World & Nation

Russian rocket carrying Mexican satellite crashes in Siberia after liftoff

An archive picture of Russia's Proton-M carrier rocket being mounted on its launch pad at Baikonur cosmodrome, in Kazakhstan. A Proton-M carrying a Mexican satellite malfunctioned Saturday and crashed in Siberia.  
(Roscosmos / European Pressphoto Agency)

A Russian Proton-M rocket malfunctioned shortly after it blasted off early Saturday from its launchpad in Kazakhstan, crashing in Siberia along with the Mexican satellite it was intended to put into orbit.

It was the second Russian space mission failure in less than a month, following an April 28 mishap involving an unmanned cargo craft ferrying supplies to the International Space Station.

“An emergency situation in the third-stage engine occurred during a Proton-M launch into orbit,” Roscosmos, Russia’s federal space agency, said via Twitter in announcing the latest problem with the workhorse rocket.

Saturday’s accident occurred about nine minutes after liftoff, when the third stage failed to separate and deploy the MexSat-1 communications satellite, Roscosmos reported.


“The Mexican satellite is lost. Launches of rockets of the Proton type will be grounded until the reason is identified,” an unnamed Roscosmos source was quoted as telling Russia’s state-run Sputnik news agency.

The next Proton-M mission was to have taken a British satellite into orbit in June.

Roscosmos officials told Sputnik that the telemetry of the rocket was lost about a minute before the third stage was supposed to have detached and sent the satellite into orbit.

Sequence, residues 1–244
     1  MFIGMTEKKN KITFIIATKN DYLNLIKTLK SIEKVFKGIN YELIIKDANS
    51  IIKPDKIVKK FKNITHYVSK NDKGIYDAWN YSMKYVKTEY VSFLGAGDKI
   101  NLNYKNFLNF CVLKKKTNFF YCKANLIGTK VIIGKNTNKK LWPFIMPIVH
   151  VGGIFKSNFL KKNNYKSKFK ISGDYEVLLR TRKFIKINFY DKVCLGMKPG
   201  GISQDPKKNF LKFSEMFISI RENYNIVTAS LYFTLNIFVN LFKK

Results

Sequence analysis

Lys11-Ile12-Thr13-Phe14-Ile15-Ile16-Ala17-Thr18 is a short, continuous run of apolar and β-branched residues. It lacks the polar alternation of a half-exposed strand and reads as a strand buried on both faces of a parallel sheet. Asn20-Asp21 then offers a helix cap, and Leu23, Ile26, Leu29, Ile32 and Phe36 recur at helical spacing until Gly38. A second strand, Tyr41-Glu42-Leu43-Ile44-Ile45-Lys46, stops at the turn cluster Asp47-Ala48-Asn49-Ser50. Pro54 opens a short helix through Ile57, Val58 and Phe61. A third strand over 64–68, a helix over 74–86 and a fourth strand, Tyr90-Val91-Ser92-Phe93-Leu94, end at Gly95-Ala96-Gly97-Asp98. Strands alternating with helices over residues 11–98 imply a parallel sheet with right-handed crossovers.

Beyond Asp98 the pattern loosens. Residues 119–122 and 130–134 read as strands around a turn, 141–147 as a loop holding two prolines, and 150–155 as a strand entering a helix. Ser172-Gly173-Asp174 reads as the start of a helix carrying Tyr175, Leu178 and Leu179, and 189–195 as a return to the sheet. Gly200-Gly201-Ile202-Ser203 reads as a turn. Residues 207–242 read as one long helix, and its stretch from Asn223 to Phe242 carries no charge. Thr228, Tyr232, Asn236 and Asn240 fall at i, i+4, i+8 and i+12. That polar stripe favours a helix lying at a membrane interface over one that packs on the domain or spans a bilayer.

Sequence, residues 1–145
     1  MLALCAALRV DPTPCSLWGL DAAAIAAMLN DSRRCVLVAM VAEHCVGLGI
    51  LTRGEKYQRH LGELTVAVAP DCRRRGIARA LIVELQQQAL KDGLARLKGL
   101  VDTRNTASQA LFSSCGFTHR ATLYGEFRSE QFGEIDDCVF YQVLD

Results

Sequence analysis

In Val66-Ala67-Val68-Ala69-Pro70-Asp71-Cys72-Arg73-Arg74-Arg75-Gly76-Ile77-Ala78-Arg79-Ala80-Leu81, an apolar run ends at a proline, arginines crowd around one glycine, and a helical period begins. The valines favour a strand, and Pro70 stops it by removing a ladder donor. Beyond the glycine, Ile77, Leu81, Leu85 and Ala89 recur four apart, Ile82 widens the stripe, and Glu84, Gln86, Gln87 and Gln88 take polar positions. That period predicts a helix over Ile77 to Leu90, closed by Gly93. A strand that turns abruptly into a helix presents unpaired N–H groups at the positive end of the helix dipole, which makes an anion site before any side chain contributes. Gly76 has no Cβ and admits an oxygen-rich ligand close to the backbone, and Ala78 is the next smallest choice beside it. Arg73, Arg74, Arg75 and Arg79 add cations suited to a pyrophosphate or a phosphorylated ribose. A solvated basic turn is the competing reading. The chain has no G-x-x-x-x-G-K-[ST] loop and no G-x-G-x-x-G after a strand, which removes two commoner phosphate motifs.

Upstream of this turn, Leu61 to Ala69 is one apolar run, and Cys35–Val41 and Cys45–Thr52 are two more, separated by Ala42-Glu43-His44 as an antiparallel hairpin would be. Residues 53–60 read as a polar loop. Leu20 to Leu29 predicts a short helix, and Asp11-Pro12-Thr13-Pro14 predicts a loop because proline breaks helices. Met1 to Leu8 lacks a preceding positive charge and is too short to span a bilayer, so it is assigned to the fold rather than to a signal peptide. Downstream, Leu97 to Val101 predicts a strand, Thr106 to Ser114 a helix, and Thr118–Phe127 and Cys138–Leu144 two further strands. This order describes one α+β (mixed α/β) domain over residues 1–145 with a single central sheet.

The 5.4-ton MexSat-1 was built for the Mexican government by Boeing Satellite Systems and had been expected to be in service for 15 years. Roscosmos said the satellite and the rest of the rocket likely burned up as they plummeted to Earth from an altitude of 100 miles.


Sputnik quoted local officials in the Zabaikalsk area of Siberia, near the Mongolian and Chinese borders, as saying there had been no reports of the space debris landing in populated areas. Officials were concerned, however, about the tons of unspent toxic fuel the rocket was carrying when the accident occurred, Sputnik said.

The April 28 incident occurred when the Soyuz rocket propelling the Progress cargo craft  suffered a fuel leak into its third stage, disrupting the supply spaceship’s ability to adjust its orbit to the International Space Station, Roscosmos chief Igor Komarov said. The cargo vessel, with three tons of supplies on board, fell into a lower orbit and eventually dropped into the atmosphere and burned up over the Pacific Ocean on May 8.

The Soyuz-Progress failure prompted Roscosmos to delay by a month the return to Earth of three of the space station’s six-person crew, which had been set for early May. Their replacements will also arrive to the station later than scheduled, probably not until July, the space agency said.

Saturday’s Proton-M failure was reportedly identical to one exactly a year earlier in which a Russian Express-AM44 satellite was lost. It was at least the fourth satellite-launching mission failure since 2011.


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